12 Invasive Species in Texas (With Pictures)

Texas is a massive state, second only in size to Alaska. The state’s warm climate and many different climate zones provide a home for a variety of wildlife, many of which aren’t really supposed to be there. These are called invasive species, which means they aren’t native to the state and arrived in an unnatural way. In this article we’re going to look at some of the most commonly known invasive species in Texas.

We’ll get right to it, but first let’s more clearly define exactly what constitutes an exotic species.

What is an invasive species?
An invasive species is any organism that has established a breeding population in an environment where it isn’t native.

12 different invasive species in Texas

There are hundreds of invasive species in Texas, but here are the twelve most interesting.

1. Red Imported Fire Ants

red imported fire ants | image by Judy Gallagher via Flickr | CC BY 2.0

Scientific name: Solenopsis invicta

If you have ever made the mistake of stepping onto a fire ant hill, you likely know one of the major impacts of fire ants. If you haven’t, let’s just say it hurts, really bad. Their stingers carry a neurotoxic venom that can kill small animals and other insects, but also can cause fever and other issues in humans if you are sensitive to their bites.

These ants have no known predators in Texas and they are very aggressive, attacking any animal that dares walk across their mound home. In addition to their bites, they can also cause devastation to lawns and crop fields with their extensive mound nests.


2. Mediterranean House Geckos

photo by: Mick Sway | CC 2.0

Scientific name: Hemidactylus turcicus

On the opposite end of the spectrum is the Mediterranean house gecko. These small geckos are invasive, but as far as anyone can tell, they have very little impact on the native environment. They mostly live and reproduce in cities around homes and other buildings.

They feed on moths, roaches, and other insects. While many species on this list are displacing natives or eating natives, the house gecko seems to just be filling a niche that was left open.


3. Nutria

nutria

Scientific name: Myocastor coypus

These cute beaver-like rodents have established themselves in over 20 states! With fast maturation and quick reproduction rates, they are a major threat to the environments they have found themselves in.

Nutria were brought to the US in the late 1800s from South America to be used in the fur trade. When the farms raising them were unsuccessful, many were released into the wild or sold for jobs they weren’t suited to.

Texas was one of several states that brought in nutria to control problematic vegetation and control weeds. Unfortunately, that plan didn’t quite pan out and the Nutria went after the sugar cane and other crops instead, causing an estimated 1 million dollars in damage annually.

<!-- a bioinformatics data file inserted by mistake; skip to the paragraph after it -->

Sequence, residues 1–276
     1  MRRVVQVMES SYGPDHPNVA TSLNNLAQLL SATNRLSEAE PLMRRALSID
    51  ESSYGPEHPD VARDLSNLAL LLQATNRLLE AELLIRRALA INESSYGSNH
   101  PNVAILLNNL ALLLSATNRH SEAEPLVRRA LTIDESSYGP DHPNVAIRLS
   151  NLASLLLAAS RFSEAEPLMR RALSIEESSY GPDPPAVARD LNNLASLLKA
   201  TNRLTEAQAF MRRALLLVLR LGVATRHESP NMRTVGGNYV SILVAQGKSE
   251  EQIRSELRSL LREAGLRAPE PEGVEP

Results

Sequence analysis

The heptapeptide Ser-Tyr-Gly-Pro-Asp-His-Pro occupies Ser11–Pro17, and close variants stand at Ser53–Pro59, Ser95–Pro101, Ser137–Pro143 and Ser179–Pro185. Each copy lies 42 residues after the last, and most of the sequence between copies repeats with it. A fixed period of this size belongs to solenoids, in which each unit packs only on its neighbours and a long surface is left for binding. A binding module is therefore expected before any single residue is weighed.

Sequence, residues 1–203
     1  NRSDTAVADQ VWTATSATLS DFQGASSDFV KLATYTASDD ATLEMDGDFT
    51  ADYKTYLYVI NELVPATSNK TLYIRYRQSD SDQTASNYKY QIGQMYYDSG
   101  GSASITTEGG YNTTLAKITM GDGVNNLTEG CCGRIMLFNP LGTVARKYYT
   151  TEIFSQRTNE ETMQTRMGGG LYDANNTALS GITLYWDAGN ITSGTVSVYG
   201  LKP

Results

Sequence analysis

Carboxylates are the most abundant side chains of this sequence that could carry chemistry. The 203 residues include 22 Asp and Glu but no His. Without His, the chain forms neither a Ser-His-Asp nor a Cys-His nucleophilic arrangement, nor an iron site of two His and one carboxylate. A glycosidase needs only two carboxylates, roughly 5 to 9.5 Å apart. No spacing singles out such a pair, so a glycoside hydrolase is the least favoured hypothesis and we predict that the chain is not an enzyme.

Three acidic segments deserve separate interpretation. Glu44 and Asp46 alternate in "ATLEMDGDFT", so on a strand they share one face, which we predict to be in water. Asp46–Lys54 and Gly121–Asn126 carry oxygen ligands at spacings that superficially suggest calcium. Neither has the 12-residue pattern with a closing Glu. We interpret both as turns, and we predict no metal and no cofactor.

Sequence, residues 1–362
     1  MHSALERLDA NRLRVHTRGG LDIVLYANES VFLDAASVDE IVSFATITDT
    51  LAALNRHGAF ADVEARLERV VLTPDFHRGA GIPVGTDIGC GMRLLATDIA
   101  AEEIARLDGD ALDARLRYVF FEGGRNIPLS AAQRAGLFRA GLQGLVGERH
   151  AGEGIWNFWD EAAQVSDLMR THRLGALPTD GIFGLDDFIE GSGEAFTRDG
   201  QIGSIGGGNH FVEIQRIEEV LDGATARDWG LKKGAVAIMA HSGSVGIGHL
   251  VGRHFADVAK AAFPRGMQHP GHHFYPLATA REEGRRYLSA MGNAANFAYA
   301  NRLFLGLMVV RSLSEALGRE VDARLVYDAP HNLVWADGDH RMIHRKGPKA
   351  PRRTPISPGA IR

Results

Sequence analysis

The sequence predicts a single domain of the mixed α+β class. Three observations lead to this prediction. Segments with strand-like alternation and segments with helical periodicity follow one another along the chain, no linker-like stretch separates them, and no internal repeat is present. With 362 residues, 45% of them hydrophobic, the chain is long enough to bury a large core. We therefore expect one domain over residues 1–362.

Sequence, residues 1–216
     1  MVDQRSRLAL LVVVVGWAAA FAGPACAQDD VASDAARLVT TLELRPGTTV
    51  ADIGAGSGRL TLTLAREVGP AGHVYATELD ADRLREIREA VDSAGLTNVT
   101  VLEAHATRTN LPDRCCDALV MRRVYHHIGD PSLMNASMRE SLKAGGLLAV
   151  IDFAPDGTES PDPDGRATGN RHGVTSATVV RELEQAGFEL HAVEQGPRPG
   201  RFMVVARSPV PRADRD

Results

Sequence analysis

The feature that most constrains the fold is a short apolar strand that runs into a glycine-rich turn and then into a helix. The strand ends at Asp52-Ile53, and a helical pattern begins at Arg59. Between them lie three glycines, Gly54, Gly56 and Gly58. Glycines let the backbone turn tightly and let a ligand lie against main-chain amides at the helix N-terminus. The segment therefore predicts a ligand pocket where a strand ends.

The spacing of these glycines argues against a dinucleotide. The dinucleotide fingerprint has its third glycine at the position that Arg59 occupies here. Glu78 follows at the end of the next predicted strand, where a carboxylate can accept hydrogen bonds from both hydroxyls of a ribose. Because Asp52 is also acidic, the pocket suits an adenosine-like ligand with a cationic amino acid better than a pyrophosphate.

4. Pigs

Feral pigs | image by ALAN SCHMIERER via Flickr

Scientific name: Sus scrofa

Another widely distributed invasive is the feral pig. Originally introduced by Spanish explorers, they are now established in 29 states. Breeding year-round in Texas, they reproduce quickly and can cause significant damage to native flora and crops.

With very few natural predators in Texas, the main method of controlling feral pigs is hunting. If you encounter a feral pig in the wild, it’s important you maintain a safe distance and try not to make it feel threatened. Feral pigs can be very dangerous if provoked, especially during the breeding season and when sows have litters of piglets.

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5. Cuban Tree Frogs

Scientific name: Osteopilus septentrionalis

The Cuban tree frog is both damaging to native wildlife and a danger to humans and pets. With high reproductive rates and a voracious appetite, Cuban tree frogs both outcompete and eat native frog species in addition to other small animals and insects.

In addition to their aggressive feeding behaviors, they also secrete a mild toxin from their skin that can irritate the skin and eyes of humans. Be sure to keep these frogs away from your cats and dogs as eating them can also cause nausea and vomiting.

If you find a Cuban tree frog and you are sure of the species, it’s recommended you humanely euthanize the animal. This can be done by applying around an inch of benzocaine ointment to the animal’s back. Once the frog is unconscious, you then place it in your freezer for 3 days. This is the kindest method of euthanasia for frogs and will help keep your native frog population safe.